Tuesday, April 2, 2013

A Kimchee Cocoon

Eight heads of Napa cabbage have been quartered to make 32 cocoons of kimchee. With the base of the cabbage left intact, each section is treated with salt, stuffed with ginger and garlic, smothered in Korean chili paste and then carefully wrapped to make “pogi kimchee.” This might sound like a weighty task,  but the lactic acid bacteria (LAB) does most of the work.

This fermentation process relies primarily on salt. After soaking thoroughly in water each leaf is rubber with salt and left to drain for about four to six hours, then brined for another ten to twelve hours, rinsed and drained again. The cabbage sections will be supple, pliable and noticeably smaller. With most of the cell walls broken, it’s now conditioned for osmosis.

Each section is generously rubbed with Korean chili paste (gochuchang) and stuffed with garlic, ginger and chive greens. You can buy Korean chili paste, but it’s best if you make your own if you have issues with shellfish to MSG. You can manage how much salt you use in your own chili paste. The cabbage sections are carefully wrapped and pressed to remove most of the air between the leaves, then packed into air tight containers.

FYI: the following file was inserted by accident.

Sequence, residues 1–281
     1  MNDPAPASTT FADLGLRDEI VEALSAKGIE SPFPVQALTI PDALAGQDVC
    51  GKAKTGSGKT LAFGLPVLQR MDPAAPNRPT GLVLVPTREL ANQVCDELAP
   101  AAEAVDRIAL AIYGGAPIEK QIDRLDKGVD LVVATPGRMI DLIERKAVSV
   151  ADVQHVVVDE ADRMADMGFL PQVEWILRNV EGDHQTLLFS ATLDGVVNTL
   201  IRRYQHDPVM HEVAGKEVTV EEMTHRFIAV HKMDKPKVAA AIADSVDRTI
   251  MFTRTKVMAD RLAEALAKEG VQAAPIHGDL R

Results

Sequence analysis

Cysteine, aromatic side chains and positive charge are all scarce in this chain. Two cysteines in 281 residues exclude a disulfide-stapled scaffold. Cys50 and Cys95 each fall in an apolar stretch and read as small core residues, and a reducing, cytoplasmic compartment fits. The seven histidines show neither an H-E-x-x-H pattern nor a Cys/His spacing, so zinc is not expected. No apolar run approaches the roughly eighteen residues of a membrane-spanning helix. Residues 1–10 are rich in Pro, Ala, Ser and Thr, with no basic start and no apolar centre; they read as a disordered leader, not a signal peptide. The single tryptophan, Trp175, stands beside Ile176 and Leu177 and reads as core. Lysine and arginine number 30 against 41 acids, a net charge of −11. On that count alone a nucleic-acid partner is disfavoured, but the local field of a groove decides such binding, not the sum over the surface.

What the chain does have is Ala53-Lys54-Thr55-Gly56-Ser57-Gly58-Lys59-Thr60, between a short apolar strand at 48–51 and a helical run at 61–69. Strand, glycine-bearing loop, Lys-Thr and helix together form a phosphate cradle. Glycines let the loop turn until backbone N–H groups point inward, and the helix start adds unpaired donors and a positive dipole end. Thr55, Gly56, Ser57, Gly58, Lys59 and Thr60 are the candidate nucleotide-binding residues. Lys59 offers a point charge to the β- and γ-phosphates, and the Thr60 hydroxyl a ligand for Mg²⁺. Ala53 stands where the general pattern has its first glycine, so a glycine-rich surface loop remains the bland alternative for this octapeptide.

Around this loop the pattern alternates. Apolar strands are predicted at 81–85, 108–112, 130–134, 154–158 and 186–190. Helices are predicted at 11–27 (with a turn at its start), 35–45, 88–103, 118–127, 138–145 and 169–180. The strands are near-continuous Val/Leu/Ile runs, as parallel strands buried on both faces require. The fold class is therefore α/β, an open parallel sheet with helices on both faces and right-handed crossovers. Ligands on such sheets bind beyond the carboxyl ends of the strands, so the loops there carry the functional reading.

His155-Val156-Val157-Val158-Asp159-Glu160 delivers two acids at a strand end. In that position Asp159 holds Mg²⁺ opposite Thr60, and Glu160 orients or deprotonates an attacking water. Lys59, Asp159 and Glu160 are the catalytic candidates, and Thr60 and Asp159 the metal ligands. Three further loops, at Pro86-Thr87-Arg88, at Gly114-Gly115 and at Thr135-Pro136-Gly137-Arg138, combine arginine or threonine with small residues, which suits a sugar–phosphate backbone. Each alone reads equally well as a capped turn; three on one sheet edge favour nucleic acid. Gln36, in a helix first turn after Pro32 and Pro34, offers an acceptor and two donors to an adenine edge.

LAB is very salt tolerant, where as most pathogens are not. As long as the contents of the container(s) is submerged is liquid, LAB will also combat pathogens. Left at room temperature for three to five days, LAB establish and colonize creating a sour, tangy flavor. Cold fermentation slows the process down to create a complex savory flavor and pungent aroma. After three to four weeks of refrigeration, these heads of cabbage are magically transformed into kimchee. Although it’s known to restore health by replenishing beneficial flora and fauna to our bodies, I jut think it’s delicious.

Learn how to make a vegan Korean chili paste and casual-style kimchee click here.


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